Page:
American Craft Made Showcases Artists’ Work in Baltimore Meet three of the 300 contemporary artisans featured at this year’s in-person marketplace event

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Amy Blair patterned polymer clay jewelry
Amy Blair patterned polymer clay jewelry | Photo courtesy of Amy Blair

Even before traditional businesses came into being, people were creating craft as their livelihood, says Keona Tranby, director of marketing and communications for American Craft Council.

“I think craft is really at the heart in so many communities of business owners,” she says.

It’s that collective heritage that the council wishes to preserve, as well as reiterate how much connection these artisans still give us today.

The American Craft Council Marketplace—now called American Craft Made—is returning to the Baltimore Convention Center after two years. It will run Friday, May 20 through Sunday, May 22.

As a national nonprofit, which serves artists through resources, grants, an in-house magazine and a research library, the council also hosts marketplace events all over the country—but Baltimore is its flagship event.

The concept started here 45 years ago by Aileen Osborn Webb as a way to preserve the communal art of craft.

When you buy from a fourth-generation weaver, you not only get a quality product, but also the story of how it was sourced and the history of the family, Tranby says.

“Those stories just add so much to our culture and community,” she explains, and were especially essential during the COVID-19 pandemic in a time of disconnect.

Also its largest marketplace, the Baltimore event usually hosts about 600 artists. This year, numbers will be kept to about half this amount, along with more spacing, a requirement of masking when not eating or drinking and proof of vaccination to protect against COVID-19.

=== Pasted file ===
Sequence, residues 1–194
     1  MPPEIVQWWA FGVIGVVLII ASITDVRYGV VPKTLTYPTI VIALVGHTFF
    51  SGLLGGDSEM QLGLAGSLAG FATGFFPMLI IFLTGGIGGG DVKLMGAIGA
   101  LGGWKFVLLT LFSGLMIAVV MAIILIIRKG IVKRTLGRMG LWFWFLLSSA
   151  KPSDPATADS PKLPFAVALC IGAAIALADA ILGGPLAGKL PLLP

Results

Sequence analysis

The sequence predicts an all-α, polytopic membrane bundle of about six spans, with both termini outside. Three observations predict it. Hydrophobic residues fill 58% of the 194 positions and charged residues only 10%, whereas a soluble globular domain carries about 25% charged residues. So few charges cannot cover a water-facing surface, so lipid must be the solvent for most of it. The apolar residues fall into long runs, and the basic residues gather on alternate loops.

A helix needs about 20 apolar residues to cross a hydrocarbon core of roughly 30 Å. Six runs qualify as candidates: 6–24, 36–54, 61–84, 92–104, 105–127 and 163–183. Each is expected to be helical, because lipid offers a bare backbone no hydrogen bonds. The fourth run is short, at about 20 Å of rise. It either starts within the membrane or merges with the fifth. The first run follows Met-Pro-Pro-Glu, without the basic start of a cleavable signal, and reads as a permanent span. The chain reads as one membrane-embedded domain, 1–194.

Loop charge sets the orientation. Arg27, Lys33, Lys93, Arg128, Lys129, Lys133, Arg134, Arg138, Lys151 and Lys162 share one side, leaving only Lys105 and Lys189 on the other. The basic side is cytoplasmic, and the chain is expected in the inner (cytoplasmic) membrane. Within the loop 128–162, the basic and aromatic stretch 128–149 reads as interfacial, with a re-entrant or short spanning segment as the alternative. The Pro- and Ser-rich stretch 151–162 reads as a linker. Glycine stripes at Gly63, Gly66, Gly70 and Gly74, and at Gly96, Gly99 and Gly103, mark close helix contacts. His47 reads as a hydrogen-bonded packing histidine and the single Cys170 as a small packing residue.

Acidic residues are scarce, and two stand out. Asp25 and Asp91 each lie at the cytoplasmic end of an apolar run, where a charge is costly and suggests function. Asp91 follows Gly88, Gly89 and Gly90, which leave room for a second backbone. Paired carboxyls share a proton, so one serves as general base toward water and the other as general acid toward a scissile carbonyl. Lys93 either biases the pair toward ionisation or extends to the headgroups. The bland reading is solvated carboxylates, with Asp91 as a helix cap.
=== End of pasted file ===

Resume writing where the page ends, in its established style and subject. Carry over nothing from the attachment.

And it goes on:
“We’re doing everything we can to make this as safe as possible—even up and above what’s required,” Tranby says.

This show is a big deal because all artists are vetted by a juried selection, so you get the best of the best from all over the country, she explains. Many artists return—some have been doing so for as long as 35 years.

Tranby notes 13% of artists are new to the marketplace this year.

With its Baltimore event base, the event gives locals a time to shine among them. Eighteen percent of artists are local to the DMV and Delaware, Tranby adds.

This year, a new “Explore Local” section will feature a buildout from Baltimore-based Ase Design Studio with work from nonprofit collective Made in Baltimore. Hilton Carter’s Good Neighbor venture will create a dry floral and botanical display.

In addition to these artists, Baltimore Style spoke to three local crafters below about being featured among this year’s crop of talent:

 

Amy Blair | Stories of Cultures through Clay

Amy Blair began dabbling in polymer clay as early as age 4, and it was a comfortable medium to go back to when she started transferring patterns from fabrics onto it to make jewelry. The Parkville artist traded metalsmith studies at Towson University for clay following pre-pandemic travels to countries such as Japan. She was inspired by the cultures she saw and how their fabrics seemed to encapsulate them.

“I think it’s interesting how patterns from other cultures sort of represent everything that culture is,” she says. “It’s born from such a deep history.”

A graduate of the American Craft Council’s emerging artist program, Blair has now been showing her work at the marketplace for about seven or eight years (including five through the program).

Amy Blair
Amy Blair | Provided Photo

Being in a high-end craft show comes with more pressure, she says—but in a good way. It challenges artists to push their boundaries and create not only for mass appeal but for art-minded people who are looking for something interesting.

For Blair, the community aspect of crafting is at the core of why she does it.

Art is communal from start to finish. You’re not simply creating for yourself, Blair explains. You’re creating with interaction in mind. Having someone relate to her work or relating to another artist is how she connects.